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15

March 2012

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COMMENTS

Marlon Byrd: Center Fielder of the Present, but for how Long?

Written by , Posted in General

Former Cubs GM Jim Hendry made a lot of mistakes in the free agent market.  But one smart move he made was signing center fielder Marlon Byrd to a three year, $15 million contract prior to the 2010 season.  According to Baseball-Reference, Byrd has been worth 4.2 WAR since joining the Cubs, and FanGraphs likes him even better at 6.4 WAR.  Using the standard $5 million per one win above replacement that has been the effective rate over the last two seasons, Byrd has been an extreme bargain who has already provided somewhere between $20 million and $30 million in value to the Cubs.

But why is Byrd so valuable?  He is essentially a league average hitter.  But he is a league average hitter who plays average to above average defense at a premiere defensive position while being paid like a platoon corner outfielder.  That is a good player to have.

The projections all think Byrd will put up a triple slash in the vicinity of .275/.325/.415, which is essentially his line from last year with a little more power.  This should place him as an almost exactly league average hitter, and I have no reason to disagree with these projections.

The real question with Byrd, however, is how long will he be a Cub?  Brett Jackson is the future in center fielding, and, depending on who you ask, is somewhere between the best and third best prospect in the Cubs’ system.  He is a consensus Top 100 prospect, with Baseball America and Baseball Prospectus’ Kevin Goldstein both placing him in their Top 50.

Despite many Cub fans itching to see Jackson since early last season, he could clearly benefit from more time in AAA.  Players who strike out 30% of the time in the hitter friendly Pacific Coast League tend to struggle mightily when they hit the Majors. Keeping Jackson in the minors until the middle of the season would also help the Cubs gain another year of Major League service time on Jackson and avoid Super 2 arbitration status, potentially saving the team millions of dollars in the long run.

Unless the Cubs surprisingly contend this season, Byrd is likely end up on the trading block midseason to open up the center field spot for Jackson and to try and get some value in return for Byrd.  But what can the Cubs expect in return for the veteran center fielder?  After all, when a veteran is on the market fans often seem to expect Top 10 organizational prospects in return.

Cub fans should temper expectations.  While Byrd is a nice piece, he is not a star and will not bring back elite prospects.  I would set baseline expectations for a return for Byrd at a package similar to the prospects the Cubs received in return for Sean Marshall.  Note that I said just the prospects, so that does not include Travis Wood.  But two C to C+ level prospects would be a fair return for Byrd. Just as a guideline, that level of prospect is generally either someone who is close to the Majors but with limited upside (back of the rotation starter, middle reliever, platoon player or bench player), or someone who is farther away from the Majors with real upside.  If the Cubs could get more for Byrd, that would be great.  But no one should expect more.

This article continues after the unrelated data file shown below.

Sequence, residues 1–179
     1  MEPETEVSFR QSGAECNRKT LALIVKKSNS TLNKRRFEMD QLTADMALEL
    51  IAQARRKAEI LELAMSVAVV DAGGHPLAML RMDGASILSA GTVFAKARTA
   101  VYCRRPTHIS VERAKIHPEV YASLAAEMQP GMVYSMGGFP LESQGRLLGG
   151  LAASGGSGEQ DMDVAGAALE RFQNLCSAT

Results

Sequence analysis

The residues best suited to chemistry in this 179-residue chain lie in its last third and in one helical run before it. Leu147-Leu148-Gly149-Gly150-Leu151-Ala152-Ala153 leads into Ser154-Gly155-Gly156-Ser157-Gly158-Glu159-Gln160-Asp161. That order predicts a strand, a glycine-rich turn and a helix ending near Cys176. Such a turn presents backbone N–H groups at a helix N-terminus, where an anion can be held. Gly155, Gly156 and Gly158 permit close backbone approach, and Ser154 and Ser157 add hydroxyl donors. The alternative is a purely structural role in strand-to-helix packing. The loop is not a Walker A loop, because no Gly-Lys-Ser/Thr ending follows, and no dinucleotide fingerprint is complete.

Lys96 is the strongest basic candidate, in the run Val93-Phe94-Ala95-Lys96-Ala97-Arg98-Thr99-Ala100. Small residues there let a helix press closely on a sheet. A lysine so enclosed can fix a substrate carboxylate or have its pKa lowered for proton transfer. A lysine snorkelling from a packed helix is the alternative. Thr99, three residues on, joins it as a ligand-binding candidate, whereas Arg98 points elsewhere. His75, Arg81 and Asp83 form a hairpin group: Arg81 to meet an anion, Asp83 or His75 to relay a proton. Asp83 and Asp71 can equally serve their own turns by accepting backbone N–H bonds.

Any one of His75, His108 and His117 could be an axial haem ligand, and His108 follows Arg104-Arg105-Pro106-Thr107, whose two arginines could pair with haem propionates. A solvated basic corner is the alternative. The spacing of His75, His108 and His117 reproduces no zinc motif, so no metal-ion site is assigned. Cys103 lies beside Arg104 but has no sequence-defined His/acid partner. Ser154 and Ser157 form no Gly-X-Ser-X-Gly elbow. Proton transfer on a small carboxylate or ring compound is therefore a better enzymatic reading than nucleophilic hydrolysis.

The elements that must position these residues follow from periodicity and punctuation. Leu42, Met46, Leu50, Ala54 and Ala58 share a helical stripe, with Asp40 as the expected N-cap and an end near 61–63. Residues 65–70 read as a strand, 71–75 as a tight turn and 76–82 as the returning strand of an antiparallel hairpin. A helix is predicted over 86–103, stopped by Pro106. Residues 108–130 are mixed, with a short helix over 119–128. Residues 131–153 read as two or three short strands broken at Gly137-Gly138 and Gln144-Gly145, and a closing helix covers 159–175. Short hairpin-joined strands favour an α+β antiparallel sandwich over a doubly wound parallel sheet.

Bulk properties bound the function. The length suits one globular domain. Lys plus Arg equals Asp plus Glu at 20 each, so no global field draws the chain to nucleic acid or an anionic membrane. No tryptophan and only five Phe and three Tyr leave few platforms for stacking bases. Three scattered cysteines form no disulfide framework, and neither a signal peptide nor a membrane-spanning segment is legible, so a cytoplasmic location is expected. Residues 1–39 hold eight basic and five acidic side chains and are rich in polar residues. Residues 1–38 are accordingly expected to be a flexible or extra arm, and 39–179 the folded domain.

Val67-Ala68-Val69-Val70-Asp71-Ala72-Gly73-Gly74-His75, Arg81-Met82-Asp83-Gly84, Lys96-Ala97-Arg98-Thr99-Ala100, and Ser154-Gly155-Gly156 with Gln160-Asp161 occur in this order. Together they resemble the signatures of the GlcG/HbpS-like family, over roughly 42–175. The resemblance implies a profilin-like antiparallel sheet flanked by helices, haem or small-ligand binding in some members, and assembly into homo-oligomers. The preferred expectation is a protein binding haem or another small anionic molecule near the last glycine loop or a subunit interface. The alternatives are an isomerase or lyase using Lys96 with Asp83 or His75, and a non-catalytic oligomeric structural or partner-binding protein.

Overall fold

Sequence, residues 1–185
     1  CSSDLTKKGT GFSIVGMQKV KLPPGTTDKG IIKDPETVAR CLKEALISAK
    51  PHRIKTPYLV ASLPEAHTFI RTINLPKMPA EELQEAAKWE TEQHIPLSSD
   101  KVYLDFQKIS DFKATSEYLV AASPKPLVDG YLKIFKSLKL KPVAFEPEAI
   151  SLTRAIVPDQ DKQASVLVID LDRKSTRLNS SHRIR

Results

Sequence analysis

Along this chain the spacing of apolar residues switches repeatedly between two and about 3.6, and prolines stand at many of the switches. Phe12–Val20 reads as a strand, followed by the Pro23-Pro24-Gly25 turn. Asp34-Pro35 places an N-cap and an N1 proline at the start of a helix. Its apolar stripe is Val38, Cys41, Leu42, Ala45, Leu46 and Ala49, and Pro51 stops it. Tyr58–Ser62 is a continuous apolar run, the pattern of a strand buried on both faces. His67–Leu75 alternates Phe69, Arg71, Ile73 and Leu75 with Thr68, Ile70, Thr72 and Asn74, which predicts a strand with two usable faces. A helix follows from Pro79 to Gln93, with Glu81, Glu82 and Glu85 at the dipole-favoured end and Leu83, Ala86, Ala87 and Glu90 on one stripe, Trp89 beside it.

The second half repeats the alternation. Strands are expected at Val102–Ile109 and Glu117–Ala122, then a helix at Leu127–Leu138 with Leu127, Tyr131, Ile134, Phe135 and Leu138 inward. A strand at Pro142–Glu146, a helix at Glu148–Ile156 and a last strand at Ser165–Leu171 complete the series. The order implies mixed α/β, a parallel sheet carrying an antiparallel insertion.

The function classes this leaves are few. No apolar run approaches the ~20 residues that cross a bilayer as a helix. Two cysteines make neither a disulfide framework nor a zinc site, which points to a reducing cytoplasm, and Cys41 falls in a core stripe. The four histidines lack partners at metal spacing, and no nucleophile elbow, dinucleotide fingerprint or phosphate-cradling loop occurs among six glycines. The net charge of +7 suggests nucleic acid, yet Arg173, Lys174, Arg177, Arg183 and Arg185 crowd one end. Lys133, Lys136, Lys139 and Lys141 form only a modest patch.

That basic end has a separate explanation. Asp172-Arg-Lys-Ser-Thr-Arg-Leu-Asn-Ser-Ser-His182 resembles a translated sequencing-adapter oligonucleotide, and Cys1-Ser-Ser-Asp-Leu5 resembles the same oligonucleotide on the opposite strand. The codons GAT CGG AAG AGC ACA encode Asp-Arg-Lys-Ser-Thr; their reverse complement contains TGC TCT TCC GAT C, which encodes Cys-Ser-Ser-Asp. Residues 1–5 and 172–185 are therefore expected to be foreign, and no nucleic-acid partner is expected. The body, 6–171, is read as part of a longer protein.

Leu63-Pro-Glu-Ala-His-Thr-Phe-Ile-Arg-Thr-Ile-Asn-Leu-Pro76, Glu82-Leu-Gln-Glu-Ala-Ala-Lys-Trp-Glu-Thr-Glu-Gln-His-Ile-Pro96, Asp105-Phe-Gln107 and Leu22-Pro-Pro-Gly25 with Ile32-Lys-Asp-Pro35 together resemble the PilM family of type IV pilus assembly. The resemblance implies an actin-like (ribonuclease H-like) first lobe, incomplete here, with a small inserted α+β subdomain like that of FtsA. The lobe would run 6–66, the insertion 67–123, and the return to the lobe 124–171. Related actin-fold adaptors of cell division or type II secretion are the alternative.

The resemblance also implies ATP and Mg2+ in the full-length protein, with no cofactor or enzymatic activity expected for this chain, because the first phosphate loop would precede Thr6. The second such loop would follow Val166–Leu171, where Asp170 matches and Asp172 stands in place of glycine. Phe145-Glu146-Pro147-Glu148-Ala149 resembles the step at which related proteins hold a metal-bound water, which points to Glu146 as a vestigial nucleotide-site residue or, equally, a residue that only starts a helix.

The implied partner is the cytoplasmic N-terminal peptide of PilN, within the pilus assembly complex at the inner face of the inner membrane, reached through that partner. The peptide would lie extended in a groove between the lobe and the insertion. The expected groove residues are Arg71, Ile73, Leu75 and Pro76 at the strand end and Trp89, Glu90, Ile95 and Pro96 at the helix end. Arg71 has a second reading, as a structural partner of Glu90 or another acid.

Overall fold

For however long Byrd stays with the Cubs, fans should enjoy watching him play.  Byrd may not be a star, but he’s a full effort player who clearly loves playing the game.  That does not make him more valuable, but it is fun to watch him sprint around the bases after hitting a home run.

  • Gymjok

    My guess is a .312 avg. this year.

    • Noah_I

      I’d be thrilled if he hit .312, but very surprised.  He’s only been able to post averages over .300 twice in his career, with a high of .307.  And he required .360+ BABIPs to do that.

      • Buddy

        I’ll eat my keyboard if Byrd hits .312. And even if he does, his on-base percentage will be under .350. 

  • Gymjok

    My guess is a .312 avg. this year.

    • Noah_I

      I’d be thrilled if he hit .312, but very surprised.  He’s only been able to post averages over .300 twice in his career, with a high of .307.  And he required .360+ BABIPs to do that.

      • Buddy

        I’ll eat my keyboard if Byrd hits .312. And even if he does, his on-base percentage will be under .350. 

  • Mark P.

    Byrd is a nice supplementary piece–may get luck and flip him midseason to a team with no production in center field–Indians, Brewers??

  • Mark P.

    Byrd is a nice supplementary piece–may get luck and flip him midseason to a team with no production in center field–Indians, Brewers??

  • cap’n obvious

    Byrd’s association with Victor Conte and his vehement loyalty to the guy and his ‘workouts,” has me constantly considering who will take his place during the inevitable 50 game suspension. 

  • cap’n obvious

    Byrd’s association with Victor Conte and his vehement loyalty to the guy and his ‘workouts,” has me constantly considering who will take his place during the inevitable 50 game suspension. 

    • Joe Aiello

      If you see him this spring, he’s so much thinner. He looks like he’s lost 40 lbs.

  • Eddie Von White

     “he’s a full effort player who clearly loves playing the game.  That does not make him more valuable,”
    —  In my eyes that does make him more valuable.